Not only do synths bring gear nerds together from around the world, but they can also unite families across generations.
At least that’s the story of an exceptionally rare ’70s synthesizer, the Resynator. A new documentary—currently being crowd-funded via Kickstarter—seeks to uncover the remarkable story of this machine, and how, across almost four decades, the resurrection of its unique circuitry is bringing its inventor, Don Tavel, and his daughter together.
As the story goes, the Resynator had been lying dormant in Alison Tavel’s grandmother’s attic since the passing of her father, who died in a car crash in 1988, 10 weeks after Alison was born.
Tavel recovered the synth and brought it back to Los Angeles to work on restoring the synth with the man who had originally engineered in the ‘70s. The documentary details the four year process of reviving the synth, despite not having any knowledge of synthesizers at first. It also details encounters with the likes of Gotye and Peter Gabriel who help unpack the mysteries of this unique machine.
In Tavel’s words, “This project didn’t start out as a documentary. I was not a documentarian. It started out as a resurrection project. I was simply filming to document the process of rebuilding the Resynator. What I found, though, was that it was about so much more than just the Resynator. I found out that it was connecting me with my father, after 25 years of resistance.”
Watch a trailer for the documentary above. You can donate to the project via Kickstarter here.
Clubs are full of characters—from classic techno bots to acid bears and neo industrialists.This classification system doesn’t stop at appearance, though; your club identity also affects your moves on the dance floor.
In a this video, one highly-observant club goer, Mithara Bui, has broken down the intricacies of some of the moves you’re most likely to encounter at the club, and the result is hilariously accurate.
The moves, with names like the “Swimming”, “Pump A Bike” or “Boxing” routine, give a much-needed vocabulary to the various forms of thrashing that take place in the wee hours of the morning.
Not only is the video the perfect way to learn some a dance vocabulary, it’s also a chance to hear some of your favorite Berghain anthems, like Ben Klock’s “Subzero”.
What kind of dancer are you? Check out the video above to find out.
German producer, DJ and singer Perel was responsible for one of 2018’s standout releases. Hermetica is a creative fusion of German new wave, synth pop and modern dance floor grooves—a testament to the confluence of influences that has marked Perel’s time producing in Berlin.
It’s a testament to the selector’s broad taste, then, that she can just as effortlessly put together a blistering one-hour mix of trance and rave tunes. On her effort for the long-running Melbourne Deepcast mix series, Perel mixes tripped-out melodies with unfolding grooves to masterful effect, patiently building tension and atmosphere across the 60 minutes.
Featuring two unreleased tracks from Perel, the mix also gives an exciting preview of what to expect from the rising talent in the coming year.
Listen to the mix above, and read the full interview with Perel here.
The Golden Filter – Haze Hour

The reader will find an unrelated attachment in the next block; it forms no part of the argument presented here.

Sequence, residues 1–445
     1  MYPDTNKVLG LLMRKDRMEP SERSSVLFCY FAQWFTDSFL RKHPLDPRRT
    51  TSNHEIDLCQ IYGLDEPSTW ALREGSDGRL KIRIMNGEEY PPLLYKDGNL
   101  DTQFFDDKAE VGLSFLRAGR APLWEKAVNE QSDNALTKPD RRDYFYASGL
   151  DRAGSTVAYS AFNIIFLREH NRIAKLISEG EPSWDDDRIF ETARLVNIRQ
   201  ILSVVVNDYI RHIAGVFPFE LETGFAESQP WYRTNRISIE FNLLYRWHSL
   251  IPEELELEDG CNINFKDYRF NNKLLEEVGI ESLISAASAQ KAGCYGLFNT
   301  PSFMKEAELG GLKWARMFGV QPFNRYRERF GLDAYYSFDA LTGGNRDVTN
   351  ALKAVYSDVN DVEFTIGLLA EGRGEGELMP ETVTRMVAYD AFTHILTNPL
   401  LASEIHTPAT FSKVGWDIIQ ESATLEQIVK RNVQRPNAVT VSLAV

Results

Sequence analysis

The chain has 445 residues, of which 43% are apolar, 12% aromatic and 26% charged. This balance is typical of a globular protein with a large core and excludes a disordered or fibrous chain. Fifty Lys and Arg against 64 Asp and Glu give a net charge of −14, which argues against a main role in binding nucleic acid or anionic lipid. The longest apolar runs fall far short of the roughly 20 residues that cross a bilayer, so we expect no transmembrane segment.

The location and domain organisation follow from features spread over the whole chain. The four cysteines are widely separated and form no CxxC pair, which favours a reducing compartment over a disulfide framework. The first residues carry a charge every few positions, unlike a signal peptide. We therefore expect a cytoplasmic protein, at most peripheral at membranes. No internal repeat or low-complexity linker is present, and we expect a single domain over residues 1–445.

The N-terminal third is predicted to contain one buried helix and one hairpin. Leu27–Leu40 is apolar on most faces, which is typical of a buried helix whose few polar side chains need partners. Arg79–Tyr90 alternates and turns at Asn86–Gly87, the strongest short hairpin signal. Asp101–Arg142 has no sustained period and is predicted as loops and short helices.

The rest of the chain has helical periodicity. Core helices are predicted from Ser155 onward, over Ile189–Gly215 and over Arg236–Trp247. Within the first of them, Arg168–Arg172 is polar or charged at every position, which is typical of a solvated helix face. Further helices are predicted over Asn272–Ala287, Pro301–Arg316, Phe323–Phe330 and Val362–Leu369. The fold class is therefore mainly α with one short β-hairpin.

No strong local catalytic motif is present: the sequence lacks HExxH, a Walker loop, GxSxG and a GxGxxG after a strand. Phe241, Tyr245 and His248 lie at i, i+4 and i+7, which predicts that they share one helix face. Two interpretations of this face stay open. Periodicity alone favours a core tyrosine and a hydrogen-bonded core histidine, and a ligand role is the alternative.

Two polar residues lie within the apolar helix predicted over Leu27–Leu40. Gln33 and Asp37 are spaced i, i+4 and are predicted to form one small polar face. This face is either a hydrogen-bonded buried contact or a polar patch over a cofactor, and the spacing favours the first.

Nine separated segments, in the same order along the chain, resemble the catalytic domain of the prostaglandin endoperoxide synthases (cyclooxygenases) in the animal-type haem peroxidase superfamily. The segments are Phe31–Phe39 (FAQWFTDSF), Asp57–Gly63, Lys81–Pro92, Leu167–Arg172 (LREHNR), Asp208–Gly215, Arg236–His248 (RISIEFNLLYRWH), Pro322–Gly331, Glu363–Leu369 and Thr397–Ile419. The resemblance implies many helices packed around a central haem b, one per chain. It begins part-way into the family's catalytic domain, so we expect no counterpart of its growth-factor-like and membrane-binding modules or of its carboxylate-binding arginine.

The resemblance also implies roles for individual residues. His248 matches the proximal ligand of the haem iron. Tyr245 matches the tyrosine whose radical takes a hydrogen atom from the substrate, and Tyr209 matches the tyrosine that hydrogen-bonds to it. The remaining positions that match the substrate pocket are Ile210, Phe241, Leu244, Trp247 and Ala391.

Perel – Asteroid (unreleased)
Perel – Gravity (unreleased)
Future Beat Alliance – Machines Can Help
Low Manuel & Local Suicide – Vespertines Unite
Benjamin Fröhlich – Dream City (Axel Boman Remix)
Modular Project – Freshback
The Golden Filter – Restraint (Kluentah Remix)
Renato Cohen & Sledge – Proibidao – (Repetentes 2008 Remix)
Exzakt – Start The Party
Franky Wah – Get Me High
Marlon Hoffstadt – Lost In A Feed
Catz ’n Dogz – New Love (Gerd Janson Remix)
Why do certain tracks make us move? Why is it that, from a seemingly bottomless pool of music using similar instruments and methods, do certain tracks stick with us more than others?
In a new series called “Deconstruction”, we try to answer these mysteries. The premise is simple: we ask electronic music producers to break down what makes certain club tracks so special.
The first episode features live electronics masters—and occasional TEB contributors, as can be seen below—Skinnerbox. We’ve given them the task of deconstructing Krystal Klear’s Italo disco banger “Neutron Dance”. The track, which we ought to note is not related to the Pointer Sisters song of the same name, was everywhere last year. We heard it in spaces as diametrically opposed as Amnesia Ibiza and Panorama Bar. In fact, it even made it to our list of 20 tracks that defined the Berlin club scene in 2018.
Check out the first episode of our Deconstruction series above. If you like it, leave us a comment on our Facebook or YouTube pages. And, if you want to watch more episodes like this, subscribe to our YouTube channel. We add new videos every Tuesday.
The Super Nintendo isn’t just one of the most popular video game consoles ever made, it’s also a near infinite resource of incredible music.
Now, you have a chance to experience over 2600 of those games’ soundtracks online thanks to SNES Music. It’s an archive website that works as a one-stop portal for developers, musicians and casual fans alike.
You can also download pretty much everything, meaning you can start collecting all your favourite sounds from back in the day, like the Earthbound soundtrack below. Head here to explore the whole list. And for more superb soundtracks, check out this article about Sony Playstation soundtracks.